While newspapers and magazines have been marveling at historically low mortgage rates, the story to watch in multifamily has been the incredible slide of cap rates. Despite weak apartment fundamentals, cap rates have fallen from their historical levels to lower than 5 percent in some hot markets. Such trends have resulted in new strategies at many apartment firms, as they assess the best ways to operate in such an environment. In this edition of Conference Call, you'll hear the stories and strategies of three high-level multifamily executives: Keith Oden, president and COO of public REIT Camden Property Trust; Leonard Wood, CEO of Atlanta-based Wood Partners; and Keith Harris, executive vice president—investments of the Chicago-based Laramar Group.

When cap rates began falling, what did you think would be the bottom?

KEITH ODEN, Camden Property Trust: To see the cap rates go below 5.5 percent on non-condominium transactions was a shocker to me.

KEITH HARRIS, Laramar Group: The first thing we noticed a few years ago was less the reduction in cap rates than it was the compression of cap rates. There used to be a nice spread between cap rates at A, B, and C properties, and that started going away. Suddenly people were paying up front for the opportunity associated with a B or C property. That was the first inkling that things were changing, and that was amazing.

LEONARD WOOD, Wood Partners: I've always been a believer that apartments are just alternative investments [with cap rates hovering between bonds and stocks]. When the 10-year Treasury bond yield is in the 3 percent range, apartments have typically been a few hundred basis points above that yield. The stock market is not offering more than 8 percent. So it doesn't surprise me at all that cap rates would be 5 [percent]. ... That seems appropriate, given what else you could do with your money.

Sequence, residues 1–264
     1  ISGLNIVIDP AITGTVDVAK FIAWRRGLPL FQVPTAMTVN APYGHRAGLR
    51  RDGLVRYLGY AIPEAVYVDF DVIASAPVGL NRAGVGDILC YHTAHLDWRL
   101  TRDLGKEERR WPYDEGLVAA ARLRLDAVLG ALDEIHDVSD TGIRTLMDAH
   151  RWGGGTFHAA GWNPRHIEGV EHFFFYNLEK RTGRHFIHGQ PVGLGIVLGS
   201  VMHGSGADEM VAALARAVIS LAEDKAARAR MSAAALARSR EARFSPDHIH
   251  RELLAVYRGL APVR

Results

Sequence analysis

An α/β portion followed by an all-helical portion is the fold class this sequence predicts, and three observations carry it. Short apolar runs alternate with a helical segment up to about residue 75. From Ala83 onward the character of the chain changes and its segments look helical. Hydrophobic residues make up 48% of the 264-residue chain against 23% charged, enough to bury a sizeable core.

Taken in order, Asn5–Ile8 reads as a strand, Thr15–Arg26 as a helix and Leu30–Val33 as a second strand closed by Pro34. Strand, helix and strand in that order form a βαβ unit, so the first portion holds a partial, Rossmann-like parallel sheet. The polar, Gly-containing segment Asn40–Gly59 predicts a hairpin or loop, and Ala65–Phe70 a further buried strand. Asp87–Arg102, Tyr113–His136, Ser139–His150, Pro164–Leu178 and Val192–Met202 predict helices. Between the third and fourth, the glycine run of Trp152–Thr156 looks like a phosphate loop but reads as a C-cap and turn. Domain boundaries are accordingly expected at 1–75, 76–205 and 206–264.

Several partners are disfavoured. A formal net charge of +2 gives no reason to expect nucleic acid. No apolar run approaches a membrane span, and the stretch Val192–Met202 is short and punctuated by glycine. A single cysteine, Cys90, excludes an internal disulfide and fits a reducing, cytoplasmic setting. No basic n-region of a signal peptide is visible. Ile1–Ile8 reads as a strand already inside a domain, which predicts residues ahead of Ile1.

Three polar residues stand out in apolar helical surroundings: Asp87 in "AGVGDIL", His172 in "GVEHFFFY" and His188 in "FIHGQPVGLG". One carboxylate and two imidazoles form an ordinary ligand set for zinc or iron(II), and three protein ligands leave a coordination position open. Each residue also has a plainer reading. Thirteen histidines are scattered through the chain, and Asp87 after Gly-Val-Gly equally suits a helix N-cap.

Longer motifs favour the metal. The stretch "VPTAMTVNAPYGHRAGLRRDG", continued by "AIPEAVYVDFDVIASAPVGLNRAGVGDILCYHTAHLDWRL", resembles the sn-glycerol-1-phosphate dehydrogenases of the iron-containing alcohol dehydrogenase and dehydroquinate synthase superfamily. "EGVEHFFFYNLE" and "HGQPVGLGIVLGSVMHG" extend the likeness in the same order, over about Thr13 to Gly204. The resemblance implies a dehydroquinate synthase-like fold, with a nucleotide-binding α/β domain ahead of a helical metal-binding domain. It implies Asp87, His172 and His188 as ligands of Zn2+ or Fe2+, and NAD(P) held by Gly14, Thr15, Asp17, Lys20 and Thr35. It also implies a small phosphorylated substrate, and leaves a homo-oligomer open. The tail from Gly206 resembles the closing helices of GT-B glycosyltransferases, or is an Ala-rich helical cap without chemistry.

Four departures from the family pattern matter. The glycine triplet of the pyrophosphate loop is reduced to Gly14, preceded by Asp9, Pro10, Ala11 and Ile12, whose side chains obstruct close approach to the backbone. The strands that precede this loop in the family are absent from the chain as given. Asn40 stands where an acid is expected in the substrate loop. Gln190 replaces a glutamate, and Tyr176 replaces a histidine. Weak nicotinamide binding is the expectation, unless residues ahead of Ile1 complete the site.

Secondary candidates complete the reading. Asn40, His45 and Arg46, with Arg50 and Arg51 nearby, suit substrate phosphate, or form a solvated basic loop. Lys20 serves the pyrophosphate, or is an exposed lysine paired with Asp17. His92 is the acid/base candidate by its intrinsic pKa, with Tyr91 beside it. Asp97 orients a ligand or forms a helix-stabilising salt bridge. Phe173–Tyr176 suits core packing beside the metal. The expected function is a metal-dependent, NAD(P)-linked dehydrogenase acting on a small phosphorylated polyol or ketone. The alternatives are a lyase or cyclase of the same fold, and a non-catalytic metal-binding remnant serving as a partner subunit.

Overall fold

HARRIS: I haven't seen a lot of cap rate movement recently. Have you, Leonard?

WOOD: No. The only thing I hear about are some of the condo deals, and they're not really cap rate plays. They're "what is the property worth for sale," so when you convert them to cap rates, they are really low.

ODEN: You've got to take the condominium conversions out of the equation. Those are clearly an anomaly that are attached to this piece of the cycle. ... In Washington, D.C., south Florida, and California markets, we have seen assets—not condominium conversion deals—trading at a 4 [percent] handle. If you take your measure of the 10-year Treasury bond yields, which is something we benchmark all the time, we're well inside that 100-basis-point spread. That just strikes me historically as a very full price.

But condo deals are influencing transactions when you are competing against condo converters to purchase apartment properties. How can you say it's not a factor?

ODEN: When I say "factor," I mean something that will influence prices for the next three to five years. If Treasury bonds remain at sub-4 [percent] yields, then I think it's perfectly logical, as Leonard laid out, that we'll be at sub-6 [percent] cap rates on existing assets. But when you start seeing apartments trade at cap rates of 2.5 percent to 3 percent on existing income streams, it's clearly being driven by condominium converters.

Leonard, you have suggested that these lower cap rates might be a longer-term shift. Can you explain?

WOOD: With the transparency of the REIT industry, the information available about supply and demand, and the fact that real estate weathered this recession very well, most people have been willing to reduce the risk premium on apartments. There is better knowledge and information, and you can invest with more certainty now [than in the past].